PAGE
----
Master of Business Administration-MBA Semester 4 Assignment - MU0017 Talent Management - Set 2


Inventory of skills and knowledge: Here, the leaders discuss on skills, knowledge, and performance that adds to success for the identified job roles. This information serves as a basis for evaluating the performance and potential of a particular employee group. This process also includes an overall strength/gap analysis of the department that encapsulates existing workforce capabilities and identifies gaps that is required to be met by external hiring or internal development initiatives. Talent review: A Talent Review is a process to involve more senior business executives in sharing and analysing talent information, mostly part of an overall succession management process. Compared to talent alignment sessions, talent reviews present a chance to discuss talent at a higher level of depth and focus. It provides an overview of how to encourage a discussion of key talent in the given ways to: a) Identify readiness and potential for future assignments or positions. b) Review possible succession plans. c) Determine strengths and development needs of employees. Having set the organisational goals, management teams can start with the process of reviewing talent in the organisation. The type and significance of a talent review can vary based on the department's need. Talent review examples include: Talent Inventory which in turn involves the current performance and future capability of a selected employee group. The objective is to get a combined perspective of strengths, requirements and development opportunities for specific employees, and to identify the organisation's "talent pool." Readiness for major assignments or future jobs is considered. Succession planning which recognises the potential successors for key roles. In association with a general talent inventory, management teams can also focus on vital job roles to assess current and future bench strength. Capability planning which focuses on the competence and availability of staff to provide key services. As a substitute to evaluating prospective successors for particular job roles, the management team uses a similar method to review key jobs, efficiency, or competencies that need to be implemented in the organisation. Knowledge Transfer focuses on the supporting, developing, or transferring of skills and knowledge in the organisation. Knowledge transfer begins with an account of proficiency in the department, and continues with a discussion about workforce learning. Knowledge transfer programs facilitate managers to recognise internal "leaders" who can motivate and increase knowledge of other team members through informal mentoring or peer teaching relationships. Development planning Development planning refers to the strategic quantifiable goals that a person, organisation or agency plans to achieve within a certain amount of time. It deals with the implementing development activity in the organisation after the talent review. Given below are some of the developments of planning activities:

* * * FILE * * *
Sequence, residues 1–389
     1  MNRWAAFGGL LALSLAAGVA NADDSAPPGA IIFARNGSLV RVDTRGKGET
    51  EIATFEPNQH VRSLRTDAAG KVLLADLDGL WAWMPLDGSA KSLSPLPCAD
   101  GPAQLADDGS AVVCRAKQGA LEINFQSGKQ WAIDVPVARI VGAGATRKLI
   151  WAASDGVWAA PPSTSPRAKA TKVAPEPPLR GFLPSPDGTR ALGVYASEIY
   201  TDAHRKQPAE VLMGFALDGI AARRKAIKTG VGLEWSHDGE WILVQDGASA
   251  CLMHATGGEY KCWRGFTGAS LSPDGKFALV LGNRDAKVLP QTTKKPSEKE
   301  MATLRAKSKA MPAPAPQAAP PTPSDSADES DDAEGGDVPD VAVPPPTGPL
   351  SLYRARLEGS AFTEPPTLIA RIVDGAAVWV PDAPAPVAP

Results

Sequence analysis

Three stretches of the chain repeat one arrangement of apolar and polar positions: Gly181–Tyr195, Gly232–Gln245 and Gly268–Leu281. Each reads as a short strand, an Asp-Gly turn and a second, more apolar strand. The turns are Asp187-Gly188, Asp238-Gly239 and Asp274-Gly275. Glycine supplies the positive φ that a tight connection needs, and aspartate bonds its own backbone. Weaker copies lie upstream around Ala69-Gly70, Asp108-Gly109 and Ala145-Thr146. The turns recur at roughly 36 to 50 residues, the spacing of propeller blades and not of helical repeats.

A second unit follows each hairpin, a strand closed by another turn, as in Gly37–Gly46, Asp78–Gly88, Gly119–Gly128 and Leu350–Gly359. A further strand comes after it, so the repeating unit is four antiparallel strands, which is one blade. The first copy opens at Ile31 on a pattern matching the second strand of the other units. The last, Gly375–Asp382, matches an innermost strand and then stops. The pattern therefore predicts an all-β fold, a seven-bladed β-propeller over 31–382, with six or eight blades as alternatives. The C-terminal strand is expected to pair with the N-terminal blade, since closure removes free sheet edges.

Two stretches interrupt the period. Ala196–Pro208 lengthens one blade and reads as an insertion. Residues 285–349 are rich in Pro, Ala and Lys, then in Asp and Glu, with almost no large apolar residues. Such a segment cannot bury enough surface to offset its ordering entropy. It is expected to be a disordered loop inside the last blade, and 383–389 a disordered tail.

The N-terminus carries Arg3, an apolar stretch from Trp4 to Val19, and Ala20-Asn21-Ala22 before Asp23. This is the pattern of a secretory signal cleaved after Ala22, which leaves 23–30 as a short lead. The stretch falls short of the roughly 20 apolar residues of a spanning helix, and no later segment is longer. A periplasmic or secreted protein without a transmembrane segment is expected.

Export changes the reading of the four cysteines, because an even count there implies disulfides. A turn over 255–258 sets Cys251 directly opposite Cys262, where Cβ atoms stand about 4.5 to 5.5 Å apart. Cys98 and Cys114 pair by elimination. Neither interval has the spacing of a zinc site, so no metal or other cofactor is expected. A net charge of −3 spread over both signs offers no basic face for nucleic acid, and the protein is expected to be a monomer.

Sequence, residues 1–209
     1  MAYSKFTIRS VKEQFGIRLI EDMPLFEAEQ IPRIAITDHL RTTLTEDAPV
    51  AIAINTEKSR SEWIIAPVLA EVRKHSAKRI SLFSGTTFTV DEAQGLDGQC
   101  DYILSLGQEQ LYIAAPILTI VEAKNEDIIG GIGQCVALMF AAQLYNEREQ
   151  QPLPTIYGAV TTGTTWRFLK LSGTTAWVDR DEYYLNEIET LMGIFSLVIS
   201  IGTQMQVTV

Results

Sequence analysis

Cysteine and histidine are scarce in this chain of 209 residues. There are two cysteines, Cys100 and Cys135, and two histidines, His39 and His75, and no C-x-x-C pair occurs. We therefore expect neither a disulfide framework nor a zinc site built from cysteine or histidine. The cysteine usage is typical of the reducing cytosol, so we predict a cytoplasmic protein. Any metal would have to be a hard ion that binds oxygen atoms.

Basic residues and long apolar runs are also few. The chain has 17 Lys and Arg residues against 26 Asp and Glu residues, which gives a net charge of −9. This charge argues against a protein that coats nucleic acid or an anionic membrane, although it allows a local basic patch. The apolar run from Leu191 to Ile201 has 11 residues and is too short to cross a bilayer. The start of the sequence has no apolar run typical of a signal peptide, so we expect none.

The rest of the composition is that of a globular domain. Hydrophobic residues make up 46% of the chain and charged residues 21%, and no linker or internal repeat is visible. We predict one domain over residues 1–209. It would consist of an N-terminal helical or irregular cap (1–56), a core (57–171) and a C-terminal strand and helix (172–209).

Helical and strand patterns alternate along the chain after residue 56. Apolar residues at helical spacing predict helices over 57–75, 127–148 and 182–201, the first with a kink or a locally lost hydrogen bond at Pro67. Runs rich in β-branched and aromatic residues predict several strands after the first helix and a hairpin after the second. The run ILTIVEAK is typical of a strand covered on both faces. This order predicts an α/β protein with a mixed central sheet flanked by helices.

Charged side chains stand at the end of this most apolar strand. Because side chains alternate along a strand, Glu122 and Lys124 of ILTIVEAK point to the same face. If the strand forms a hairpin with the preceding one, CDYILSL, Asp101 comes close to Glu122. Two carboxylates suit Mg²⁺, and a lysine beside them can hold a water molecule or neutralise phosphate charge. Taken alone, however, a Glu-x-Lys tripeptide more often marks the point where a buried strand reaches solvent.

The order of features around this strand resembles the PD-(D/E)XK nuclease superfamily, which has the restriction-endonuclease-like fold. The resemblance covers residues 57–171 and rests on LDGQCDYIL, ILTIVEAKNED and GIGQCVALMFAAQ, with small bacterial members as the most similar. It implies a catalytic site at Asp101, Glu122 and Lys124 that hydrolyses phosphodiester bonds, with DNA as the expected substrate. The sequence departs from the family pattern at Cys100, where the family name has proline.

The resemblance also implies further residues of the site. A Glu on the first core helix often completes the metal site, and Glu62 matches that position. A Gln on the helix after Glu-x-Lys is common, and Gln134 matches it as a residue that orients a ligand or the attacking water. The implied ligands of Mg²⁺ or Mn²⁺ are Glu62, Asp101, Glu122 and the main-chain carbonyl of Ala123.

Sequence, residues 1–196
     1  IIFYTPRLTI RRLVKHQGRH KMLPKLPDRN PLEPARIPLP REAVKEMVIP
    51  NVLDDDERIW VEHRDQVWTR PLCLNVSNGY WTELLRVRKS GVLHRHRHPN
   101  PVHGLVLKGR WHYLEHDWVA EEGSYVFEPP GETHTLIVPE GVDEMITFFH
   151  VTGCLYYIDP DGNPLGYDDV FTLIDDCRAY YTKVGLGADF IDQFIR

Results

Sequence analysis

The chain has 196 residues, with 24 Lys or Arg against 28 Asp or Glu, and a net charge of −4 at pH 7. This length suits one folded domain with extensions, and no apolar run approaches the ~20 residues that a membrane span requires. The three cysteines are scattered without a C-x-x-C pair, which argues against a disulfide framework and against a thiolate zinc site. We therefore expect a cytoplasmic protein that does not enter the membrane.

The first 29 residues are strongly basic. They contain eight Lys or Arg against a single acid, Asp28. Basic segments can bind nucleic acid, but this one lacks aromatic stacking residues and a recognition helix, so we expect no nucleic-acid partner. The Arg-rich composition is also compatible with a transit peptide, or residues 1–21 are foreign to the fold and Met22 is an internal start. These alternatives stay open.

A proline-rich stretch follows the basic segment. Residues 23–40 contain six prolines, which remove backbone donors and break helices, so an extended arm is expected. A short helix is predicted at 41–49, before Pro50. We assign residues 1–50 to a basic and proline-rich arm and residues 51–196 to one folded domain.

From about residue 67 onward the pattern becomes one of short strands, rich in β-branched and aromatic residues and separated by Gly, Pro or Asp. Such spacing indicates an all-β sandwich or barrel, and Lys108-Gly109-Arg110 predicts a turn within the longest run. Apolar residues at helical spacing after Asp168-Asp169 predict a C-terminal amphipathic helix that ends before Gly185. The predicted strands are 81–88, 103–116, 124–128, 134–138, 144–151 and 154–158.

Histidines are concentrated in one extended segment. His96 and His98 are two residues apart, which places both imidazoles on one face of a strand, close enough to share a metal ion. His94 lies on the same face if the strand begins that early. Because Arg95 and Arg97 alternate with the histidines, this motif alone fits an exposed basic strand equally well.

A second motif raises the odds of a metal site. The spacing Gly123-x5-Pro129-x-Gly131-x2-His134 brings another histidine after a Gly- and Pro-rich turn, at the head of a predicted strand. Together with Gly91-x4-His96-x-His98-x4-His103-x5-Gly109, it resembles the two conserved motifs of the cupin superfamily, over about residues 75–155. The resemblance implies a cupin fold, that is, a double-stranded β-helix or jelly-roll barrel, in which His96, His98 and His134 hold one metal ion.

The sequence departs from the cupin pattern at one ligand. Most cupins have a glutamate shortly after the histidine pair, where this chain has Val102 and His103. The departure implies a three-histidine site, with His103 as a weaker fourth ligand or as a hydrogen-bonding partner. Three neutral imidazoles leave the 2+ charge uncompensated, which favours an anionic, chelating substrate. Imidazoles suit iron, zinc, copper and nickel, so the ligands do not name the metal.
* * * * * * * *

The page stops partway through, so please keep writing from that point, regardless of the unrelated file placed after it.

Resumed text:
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Master of Business Administration-MBA Semester 4 Assignment - MU0017 Talent Management - Set 2


a) Review development assignments for on-the-job learning. b) Identify appropriate training and education programs. c) Explore formal and informal mentoring initiatives. d) Plan and conduct development discussions. e) Hold follow-up sessions to review outcomes of development discussions, assignments, and learning plans. Talent Review discussions help managers to identify the development priorities for the department. Consequently, managers or senior leaders are better prepared to have follow-up development discussions. These discussions have the advantage of helping managers to include job experiences, development assignments, or training in the short-term that can help organise employees for future responsibilities.

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Winter Drive November 2011 Sikkim Manipal University